Getting To Know the Goddess of Good Fortune
- By Rev. Laurie Sue Brockway
This is my favorite time of year because the Goddess Lakshmi comes
alive during the Hindu holiday of Deepavali (or Diwali). Each year,
around the new moon in October or November, Hindu's celebrate the
Goddess of Fortune and invite her into their homes, attempting to
secure her favors for the year to come. This year it begins on
November 9 through November 12, with Deepavali day falling on
November 11, eve of the new moon.
I have long been an admirer of this amazing deity. Lakshmi is such a
special Goddess. She's magical, and practical. She is a living
Goddess, worshipped around the world. In these times of challenge, as
in all times of challenge, she can be a comfort and a healer; she
brings a sense of greater fortune even in the darkest moments. She is
a powerful cosmic connection; a divine female who looks like us, and
offers a sense of courage, of hope, of power.
As the Hindu Goddess of Good Fortune and Beauty, she represents and
is seen as the personification of abundance, prosperity, wealth, well-
being and harmony. She is actively worshiped daily by millions of
Hindus, and is popular with interfaith practitioners and followers of
Goddess spirituality, around the globe. Because of her popularity she
is considered a universal Goddess. Deepvali is her special holiday
because it is a holiday of lights, and represents a sweet, soulful
and prosperous time when people dress up and celebrate in the name of
the Goddess of Fortune.
On Deepavali eve, children often light off firecrackers and
sparklers, and in some parts of India, adults bang pots and pans to
scare off Lakshmi's dark sister, Alakshmi. Then women line their
windows and door ways with tiny lights that are offerings to Lakshmi,
to help her find her way to their abode.
On Deepvali Day Lakshmi is honored with Homan, Abishekam and Puja
worship services. Later that day the Sarada Puja to bless account
books for the year is offered, followed by a Lakshmi-Kubera Puja, to
Goddess of Fortune and The God of Wealth.
For two days, people participate in additional pujas and Annakut
Utsavam, where devotees bring sweets to the temple to lay at the feet
of the icons of Lakshmi and her beloved, Vishnu; or they make
offerings to the deities in their homes.
She brings good things to life
Lakshmi is a goddess who brings all good things to light and to life!
She has one of the most colorful creation myths of all the deities in
the Hindu pantheon. It is said Goddess Lakshmi was born, fully-grown,
on a pink lotus that rose from the milky sea. She was immediately be-
decked, be-jeweled and worshipped by the gods and sages. They prayed
that she would come to their abodes, and to their worlds, for they
believed that where Lakshmi is you will also find riches and
Three millennia later, long after her story was first told, she comes
alive in homes and temples everywhere. Believers trust that praying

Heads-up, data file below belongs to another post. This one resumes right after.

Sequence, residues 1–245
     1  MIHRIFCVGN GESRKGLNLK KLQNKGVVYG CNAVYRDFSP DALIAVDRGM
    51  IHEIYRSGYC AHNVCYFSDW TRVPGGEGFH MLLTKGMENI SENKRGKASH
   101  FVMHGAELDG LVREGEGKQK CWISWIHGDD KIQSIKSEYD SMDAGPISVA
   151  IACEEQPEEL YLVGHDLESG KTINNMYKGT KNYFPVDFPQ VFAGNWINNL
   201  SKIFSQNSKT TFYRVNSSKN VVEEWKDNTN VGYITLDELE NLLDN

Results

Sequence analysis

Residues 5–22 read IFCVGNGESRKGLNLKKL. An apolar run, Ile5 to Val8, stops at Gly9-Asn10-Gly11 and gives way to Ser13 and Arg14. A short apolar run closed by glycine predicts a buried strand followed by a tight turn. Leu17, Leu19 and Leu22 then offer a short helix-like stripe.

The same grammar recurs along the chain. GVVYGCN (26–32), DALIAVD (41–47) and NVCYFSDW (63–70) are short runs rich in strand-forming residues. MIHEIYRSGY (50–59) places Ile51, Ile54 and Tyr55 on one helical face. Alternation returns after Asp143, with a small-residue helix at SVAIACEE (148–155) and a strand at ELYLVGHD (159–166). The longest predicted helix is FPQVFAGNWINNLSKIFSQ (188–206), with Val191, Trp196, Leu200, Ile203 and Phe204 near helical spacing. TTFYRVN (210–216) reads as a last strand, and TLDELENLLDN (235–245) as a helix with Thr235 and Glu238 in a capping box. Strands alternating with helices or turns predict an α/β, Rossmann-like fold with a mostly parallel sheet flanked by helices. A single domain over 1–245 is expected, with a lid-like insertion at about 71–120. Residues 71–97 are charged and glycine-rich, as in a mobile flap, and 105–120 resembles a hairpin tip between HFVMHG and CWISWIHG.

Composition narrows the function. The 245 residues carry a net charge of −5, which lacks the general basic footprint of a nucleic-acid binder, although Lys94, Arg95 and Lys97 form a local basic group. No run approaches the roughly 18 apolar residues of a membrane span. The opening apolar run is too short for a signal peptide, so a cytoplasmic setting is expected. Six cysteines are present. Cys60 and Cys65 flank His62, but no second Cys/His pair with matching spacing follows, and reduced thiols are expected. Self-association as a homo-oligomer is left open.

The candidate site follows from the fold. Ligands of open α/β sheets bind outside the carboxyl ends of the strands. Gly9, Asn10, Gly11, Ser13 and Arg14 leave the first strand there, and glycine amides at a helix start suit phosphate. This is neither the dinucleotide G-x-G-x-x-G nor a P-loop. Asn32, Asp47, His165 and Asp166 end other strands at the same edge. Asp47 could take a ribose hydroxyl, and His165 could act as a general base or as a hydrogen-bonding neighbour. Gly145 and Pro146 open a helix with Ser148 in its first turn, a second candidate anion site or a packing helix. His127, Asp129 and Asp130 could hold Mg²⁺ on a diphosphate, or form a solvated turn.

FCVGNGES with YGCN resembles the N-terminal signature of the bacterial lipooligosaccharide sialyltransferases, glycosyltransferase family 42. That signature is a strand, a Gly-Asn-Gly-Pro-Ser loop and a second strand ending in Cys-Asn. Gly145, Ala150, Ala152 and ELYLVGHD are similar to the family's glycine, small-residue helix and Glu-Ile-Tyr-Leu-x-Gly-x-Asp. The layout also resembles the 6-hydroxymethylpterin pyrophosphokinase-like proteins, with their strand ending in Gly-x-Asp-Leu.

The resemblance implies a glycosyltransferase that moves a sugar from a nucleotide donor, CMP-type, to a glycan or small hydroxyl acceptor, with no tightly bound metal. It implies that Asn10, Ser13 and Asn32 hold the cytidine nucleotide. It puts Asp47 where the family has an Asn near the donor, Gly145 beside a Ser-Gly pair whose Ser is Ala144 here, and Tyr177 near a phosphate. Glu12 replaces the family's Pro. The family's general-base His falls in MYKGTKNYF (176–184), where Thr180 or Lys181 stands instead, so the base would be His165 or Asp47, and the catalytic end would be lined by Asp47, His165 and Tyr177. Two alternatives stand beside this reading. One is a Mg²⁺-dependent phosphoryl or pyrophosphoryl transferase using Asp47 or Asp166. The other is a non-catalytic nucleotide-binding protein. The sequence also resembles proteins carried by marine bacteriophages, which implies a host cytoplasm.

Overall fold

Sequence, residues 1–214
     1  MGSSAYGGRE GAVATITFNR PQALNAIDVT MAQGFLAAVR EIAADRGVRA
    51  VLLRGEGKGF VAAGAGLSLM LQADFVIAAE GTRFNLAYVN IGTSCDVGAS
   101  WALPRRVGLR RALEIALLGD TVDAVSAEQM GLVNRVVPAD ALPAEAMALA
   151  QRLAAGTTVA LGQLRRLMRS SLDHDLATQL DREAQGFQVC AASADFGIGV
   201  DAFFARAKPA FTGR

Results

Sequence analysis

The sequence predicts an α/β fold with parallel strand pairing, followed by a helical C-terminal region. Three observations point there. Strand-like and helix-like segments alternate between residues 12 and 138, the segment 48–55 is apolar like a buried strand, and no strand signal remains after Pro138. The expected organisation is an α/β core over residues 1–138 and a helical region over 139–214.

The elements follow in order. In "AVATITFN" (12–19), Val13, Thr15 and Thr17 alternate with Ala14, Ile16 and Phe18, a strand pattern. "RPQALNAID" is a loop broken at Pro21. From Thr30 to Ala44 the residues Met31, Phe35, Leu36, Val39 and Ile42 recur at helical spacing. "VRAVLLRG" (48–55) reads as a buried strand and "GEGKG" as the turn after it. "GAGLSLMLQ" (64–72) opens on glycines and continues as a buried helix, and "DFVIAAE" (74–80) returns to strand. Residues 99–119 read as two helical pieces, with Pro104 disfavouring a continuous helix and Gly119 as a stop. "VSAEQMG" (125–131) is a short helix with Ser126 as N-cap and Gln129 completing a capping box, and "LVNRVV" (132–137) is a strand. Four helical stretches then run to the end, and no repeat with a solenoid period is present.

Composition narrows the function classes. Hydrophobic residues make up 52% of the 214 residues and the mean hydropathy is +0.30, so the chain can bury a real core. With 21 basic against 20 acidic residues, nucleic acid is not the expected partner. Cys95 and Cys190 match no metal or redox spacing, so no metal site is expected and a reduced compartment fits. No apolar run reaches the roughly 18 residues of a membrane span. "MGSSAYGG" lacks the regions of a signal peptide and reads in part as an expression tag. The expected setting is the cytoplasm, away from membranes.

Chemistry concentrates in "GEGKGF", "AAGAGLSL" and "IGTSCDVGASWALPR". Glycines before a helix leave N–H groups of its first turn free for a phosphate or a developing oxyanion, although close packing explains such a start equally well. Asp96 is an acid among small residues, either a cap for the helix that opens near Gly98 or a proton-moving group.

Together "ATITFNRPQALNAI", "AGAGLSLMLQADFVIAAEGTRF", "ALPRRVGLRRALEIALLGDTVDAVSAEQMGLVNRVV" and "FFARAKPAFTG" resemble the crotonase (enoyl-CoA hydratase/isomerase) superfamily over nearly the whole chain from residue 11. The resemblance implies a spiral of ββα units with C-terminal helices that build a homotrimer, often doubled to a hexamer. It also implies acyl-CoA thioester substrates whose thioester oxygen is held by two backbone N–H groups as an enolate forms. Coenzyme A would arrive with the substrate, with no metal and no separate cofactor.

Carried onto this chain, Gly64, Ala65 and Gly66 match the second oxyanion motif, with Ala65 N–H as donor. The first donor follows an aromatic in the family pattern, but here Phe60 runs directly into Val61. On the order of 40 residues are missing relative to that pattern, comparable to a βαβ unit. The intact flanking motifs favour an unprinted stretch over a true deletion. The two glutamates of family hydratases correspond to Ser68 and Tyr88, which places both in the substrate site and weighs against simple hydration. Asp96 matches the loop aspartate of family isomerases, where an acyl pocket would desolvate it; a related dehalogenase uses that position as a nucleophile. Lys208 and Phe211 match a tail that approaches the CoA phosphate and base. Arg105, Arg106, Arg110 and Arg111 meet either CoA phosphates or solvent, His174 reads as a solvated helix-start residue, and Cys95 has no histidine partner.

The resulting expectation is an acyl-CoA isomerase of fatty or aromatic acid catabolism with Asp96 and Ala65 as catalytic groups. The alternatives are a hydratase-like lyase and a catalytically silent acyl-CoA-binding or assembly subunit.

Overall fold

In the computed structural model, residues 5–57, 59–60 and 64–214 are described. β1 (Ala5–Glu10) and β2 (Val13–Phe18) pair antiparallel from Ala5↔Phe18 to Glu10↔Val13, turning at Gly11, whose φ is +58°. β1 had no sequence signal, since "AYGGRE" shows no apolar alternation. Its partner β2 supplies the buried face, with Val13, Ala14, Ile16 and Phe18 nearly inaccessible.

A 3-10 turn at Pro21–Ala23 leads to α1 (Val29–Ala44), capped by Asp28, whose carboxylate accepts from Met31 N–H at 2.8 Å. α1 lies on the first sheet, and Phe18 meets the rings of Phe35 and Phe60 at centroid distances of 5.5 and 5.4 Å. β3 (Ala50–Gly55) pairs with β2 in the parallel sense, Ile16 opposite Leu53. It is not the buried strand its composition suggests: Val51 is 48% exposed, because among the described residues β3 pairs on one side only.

to the Goddess of Fortune brings wealth, happiness and opportunity.
As the symbol of all things fortunate, she is a highly sought after
and beloved female deity.
Like many Hindu deities, she is often pictured as a beautiful Indian
woman with big dark eyes and with four arms. Clad in sari, in a form
that is very feminine and full, she sits or stands on her lotus
throne. She usually has two lotuses, in either of her back hands. Her
front arms offer blessings and what are known as "boons," or favors
from the Gods and Goddesses. Her ability to enhance our good fortune
is in life is symbolized by the gold coins seen pouring from her
hands, back into the ocean of life.
When you need help with finances, a job, success, happiness and love
Lakshmi is a Goddess you can turn to. It is the Hindu tradition to
first evoke the Lord of Obstacles, Ganesha, to clear the path to
success. Ganesha removes obstacles so Lakshmi can deliver fortune
into your life. In the Hindu tradition, there are many chants and
prayers to evoke Ganesha. Non-Hindus often use the simple call of
chanting his name three times: "Om Ganesha, Om Ganesha, Om Ganesha."
Lakshmi and Ganesha are cohorts, who often work side by side.
Frequently you will find their icons and pictures together &endash;
Lakshmi the beautiful feminine Goddess and Ganesh, the portly
Elephant headed God. Lakshmi's mate is the God Vishnu&emdash;known as
the Great Preserver, who comes to earth in the form of important
avatars, such as Krishna. Lakshmi reincarnates with him in all human
lifetimes and because of this She is also seen as a role model for
It is believed that those who pay attention to the Goddess of Good
Fortune every day develop a clear channel of communication with her.
You may also want to view this as simply focusing energy on that
which you are choosing to create in your life.
Lakshmi exists in a dimension far beyond our human struggles and
sadness. From where she sits on her Sacred Lotus, she can guide us to
greater fortune, deeper love relationships and more joy. She can
guide us from darkness, into the light. In fact, if you allow Lakshmi
to be present in your life, you just might find she elevates you to a
higher state of being and living. And in that state you will begin to
see that you can create anything!